Our July/August show at Carrollwood Cultural Center is called "Celebrate America" and I really wanted to get something to show for myself. As usual I tried to make something way more complicated than what you see here, and my ideas had to be scrapped due to time limits and energy levels. I was going to make my own fabric drapery using images I've taken across America, cropped into large star shapes, and applied to fabric using the transfer and iron method. It could have been interesting, but when I thought about all that difficult perspective and folds and weird images, I realized I might have it done by Christmas! So...the edited version is what you see here and I need to have it finished and dry enough to hang by the 30th of this month. I'm about to spend the rest of today working on it, also another day tomorrow, and hopefully Sunday as well, and then I think it will be close to finished. The canvas is one of those deep gallery wraps so I don't have to worry about a frame for it.
When I overpainted the last mess with pure cobalt blue (Winsor and Newton) the wet paint looked fabulous and as it dried this is what I got. It is still slightly wet in a few spots, and so I'm back to wonderment with what is happening here. It is better than the last time, so I guess the next step is to cover it again with pure cobalt out of the tube and keep trying until it dries a solid color without the mottling. I can only say that in my 55 years of painting I've never experienced anything like this before and I am so frustrated. I'll let it dry another few days and see what happens next.
I had a nice day with my friend Marcia who wanted to work on some more monotypes with me. She has done this before, coming out from Tampa to work in my studio, since I am now unwilling to schlep all my gear into Carrollwood Cultural Center for a one day Monotype Workshop which was a killer the last few times I've done it. So it is my studio or nothing from now on. When Marcia comes it gives me a day to get some of my own monotypes created. These are two nude studies I did that day using models I get from www.posespace.com, a nifty way to get wonderful models for not much money, who don't move and are never cranky or hung over, at least that I know about! At least I know they are going to show up...a common problem with live models, many of whom are not really very professional.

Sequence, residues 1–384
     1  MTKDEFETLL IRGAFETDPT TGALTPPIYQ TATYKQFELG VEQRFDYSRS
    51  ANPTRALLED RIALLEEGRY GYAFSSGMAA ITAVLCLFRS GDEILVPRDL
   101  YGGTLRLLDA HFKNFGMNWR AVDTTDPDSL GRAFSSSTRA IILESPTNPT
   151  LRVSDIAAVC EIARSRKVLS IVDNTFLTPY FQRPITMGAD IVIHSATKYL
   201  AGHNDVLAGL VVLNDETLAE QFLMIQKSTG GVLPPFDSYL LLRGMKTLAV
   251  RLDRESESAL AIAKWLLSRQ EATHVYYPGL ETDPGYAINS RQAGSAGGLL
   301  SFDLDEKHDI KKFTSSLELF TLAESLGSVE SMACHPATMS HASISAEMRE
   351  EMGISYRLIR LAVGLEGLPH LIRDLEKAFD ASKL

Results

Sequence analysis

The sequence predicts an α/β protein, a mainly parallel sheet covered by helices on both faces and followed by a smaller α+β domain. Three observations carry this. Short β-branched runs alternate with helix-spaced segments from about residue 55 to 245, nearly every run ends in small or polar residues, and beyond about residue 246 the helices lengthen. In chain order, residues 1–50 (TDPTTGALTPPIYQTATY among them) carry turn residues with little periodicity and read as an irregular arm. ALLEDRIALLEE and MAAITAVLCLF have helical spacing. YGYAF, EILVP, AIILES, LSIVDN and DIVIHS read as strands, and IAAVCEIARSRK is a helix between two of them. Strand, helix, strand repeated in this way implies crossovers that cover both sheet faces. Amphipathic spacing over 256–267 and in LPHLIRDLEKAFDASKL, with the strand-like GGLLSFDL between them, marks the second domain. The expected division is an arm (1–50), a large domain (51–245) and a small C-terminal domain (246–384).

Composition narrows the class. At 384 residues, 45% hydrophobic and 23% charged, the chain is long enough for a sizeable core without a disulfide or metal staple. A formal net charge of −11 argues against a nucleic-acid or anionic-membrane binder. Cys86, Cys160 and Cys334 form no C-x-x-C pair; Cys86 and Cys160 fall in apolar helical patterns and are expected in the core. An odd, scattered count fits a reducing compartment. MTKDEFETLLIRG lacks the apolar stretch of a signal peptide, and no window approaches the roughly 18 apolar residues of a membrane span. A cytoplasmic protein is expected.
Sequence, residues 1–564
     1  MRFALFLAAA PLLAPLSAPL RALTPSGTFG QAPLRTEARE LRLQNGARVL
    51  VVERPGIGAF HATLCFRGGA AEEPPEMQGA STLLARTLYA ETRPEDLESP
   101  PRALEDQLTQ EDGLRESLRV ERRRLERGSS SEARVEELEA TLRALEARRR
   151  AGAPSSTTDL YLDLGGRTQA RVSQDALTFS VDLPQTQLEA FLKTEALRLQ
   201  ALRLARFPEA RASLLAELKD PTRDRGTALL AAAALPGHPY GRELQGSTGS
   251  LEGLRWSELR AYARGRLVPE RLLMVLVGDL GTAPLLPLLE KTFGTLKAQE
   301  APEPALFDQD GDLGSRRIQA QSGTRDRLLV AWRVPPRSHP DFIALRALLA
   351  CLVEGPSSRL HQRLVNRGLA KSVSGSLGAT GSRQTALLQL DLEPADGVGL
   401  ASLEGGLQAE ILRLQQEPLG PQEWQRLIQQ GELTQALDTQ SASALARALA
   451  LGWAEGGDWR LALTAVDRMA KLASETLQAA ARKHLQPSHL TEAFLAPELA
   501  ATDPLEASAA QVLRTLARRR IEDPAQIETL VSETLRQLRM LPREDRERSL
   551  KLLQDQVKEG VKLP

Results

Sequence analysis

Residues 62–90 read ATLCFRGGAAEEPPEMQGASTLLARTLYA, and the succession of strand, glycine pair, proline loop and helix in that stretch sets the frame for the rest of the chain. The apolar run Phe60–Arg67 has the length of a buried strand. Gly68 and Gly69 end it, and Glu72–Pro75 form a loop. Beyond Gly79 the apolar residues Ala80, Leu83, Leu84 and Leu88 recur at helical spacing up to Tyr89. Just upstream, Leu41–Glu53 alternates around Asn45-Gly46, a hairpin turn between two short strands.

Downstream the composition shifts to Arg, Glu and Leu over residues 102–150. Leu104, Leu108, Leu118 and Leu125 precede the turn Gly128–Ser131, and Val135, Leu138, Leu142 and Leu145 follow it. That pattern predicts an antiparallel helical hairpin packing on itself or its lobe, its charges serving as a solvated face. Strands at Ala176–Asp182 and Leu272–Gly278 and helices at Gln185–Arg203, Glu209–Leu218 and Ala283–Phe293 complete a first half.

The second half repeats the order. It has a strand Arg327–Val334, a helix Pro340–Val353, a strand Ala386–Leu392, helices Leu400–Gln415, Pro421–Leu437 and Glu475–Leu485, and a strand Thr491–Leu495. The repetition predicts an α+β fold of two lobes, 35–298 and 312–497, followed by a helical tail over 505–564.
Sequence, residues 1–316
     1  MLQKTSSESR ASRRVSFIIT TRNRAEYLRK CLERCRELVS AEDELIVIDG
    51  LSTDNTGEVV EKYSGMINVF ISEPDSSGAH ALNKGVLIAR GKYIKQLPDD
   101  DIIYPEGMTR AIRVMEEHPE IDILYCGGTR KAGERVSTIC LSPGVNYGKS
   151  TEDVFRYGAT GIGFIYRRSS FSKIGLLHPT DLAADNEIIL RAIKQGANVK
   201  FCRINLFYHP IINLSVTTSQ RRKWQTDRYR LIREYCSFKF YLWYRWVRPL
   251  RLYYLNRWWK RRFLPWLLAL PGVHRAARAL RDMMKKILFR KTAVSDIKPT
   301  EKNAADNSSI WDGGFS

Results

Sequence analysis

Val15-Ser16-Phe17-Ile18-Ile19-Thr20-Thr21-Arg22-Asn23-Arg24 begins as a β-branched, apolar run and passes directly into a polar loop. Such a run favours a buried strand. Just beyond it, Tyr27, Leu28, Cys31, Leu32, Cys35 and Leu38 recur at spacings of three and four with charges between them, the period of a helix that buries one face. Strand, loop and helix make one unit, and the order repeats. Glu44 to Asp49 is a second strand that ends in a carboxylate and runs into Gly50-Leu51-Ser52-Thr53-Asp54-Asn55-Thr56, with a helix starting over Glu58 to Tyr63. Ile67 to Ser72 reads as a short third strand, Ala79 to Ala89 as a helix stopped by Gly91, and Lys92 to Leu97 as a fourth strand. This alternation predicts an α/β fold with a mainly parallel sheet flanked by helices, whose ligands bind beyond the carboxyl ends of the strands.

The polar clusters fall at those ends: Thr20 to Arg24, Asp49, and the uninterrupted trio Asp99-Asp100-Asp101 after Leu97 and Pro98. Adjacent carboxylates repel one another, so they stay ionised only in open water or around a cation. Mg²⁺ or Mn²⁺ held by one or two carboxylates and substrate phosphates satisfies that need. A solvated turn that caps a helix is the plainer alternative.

Monotypes are basically a print of a painting, created on a nonabsorbent surface (I use Plexiglas or acrylic panels) with inks, or almost any kind of paint. I am not overly enthused by my efforts to make watercolor monotypes, but they are possible. Acrylics are also possible, but I don't like to use them. Normally my best monotypes are made with oil paint on wet etching paper, Rives BFK papers, although I think these two were printed on Stonehenge printmaking papers, wet. I don't have a press so they were printed with my handheld press and a spoon.
Before I moved to Florida I did many monotypes. Back then I did some very exciting experiments in monotype and was constantly inspired by the work of colleagues in the Monotype Guild of New England. How I miss those days! I love doing monotypes because it keeps me spontaneous and loose. You can't get fussy with a monotype or the paint will dry and you get spots of white where nothing prints. Paint can be dry in a matter of hours, especially in our air-conditioned work spaces in Florida.
I suspect this, along with another monotype nude I made awhile ago, (here) is the beginning of a series of nudes using various models in PoseSpace.
What is going on here? I am so puzzled...not puzzled isn't the right word at all...freaked, confused, confounded and disheartened. So...what to do next? I guess I'll just ladle on more paint and see what happens. I thought this miserable painting was done, or nearly done. Unfortunately it isn't. Oh my...this is a bad dream.
As the Sky Dries...sounds like the title of a Country and Western Song! Anyway, I checked the progress of the drying of the paint this morning and it looks pretty good. If I need to touch up the very top of the painting where that stripe was I can easily do it as it was Cobalt Blue out of the tube. I think I may have the problem solved, but it is still wet in places and dry in others, so I won't know for another few days.
The paint is still wet from my repainting the sky yesterday afternoon. I am hopeful that those streaks will go away once the paint is dry. I took out the very dark section of the sky at the top and put in cobalt instead of ultramarine dark. I did this to try to hide a very mysterious darkish stripe about 2 inches wide at the top. It was bothering me so much I couldn't finish the rest of the painting until it was resolved. I really like what I did with this, but I'm trying to get used to the difference. It isn't as dramatic as the dark sky, but I think I may have painted out that stripe, but in earlier efforts it popped up when the paint dried. I have my fingers crossed for this redo. We shall see what it looks like when the paint has dried. I can always go back and put that dark ultramarine sky at the top. I think the flowers look good against that more uniform blue. I cut the number of colors in the sky from 9 to 5.
I am a painter, working in oil, pastel, watercolor, egg tempera, and monotype. I love all art and artists. I have been doing art all my life and range around many subjects and types of art. Sometimes I have a lot to "say" and sometimes I'm just checking into shape and color. I need you because art is a two-way affair and without you, my viewer/audience, my efforts are only half done.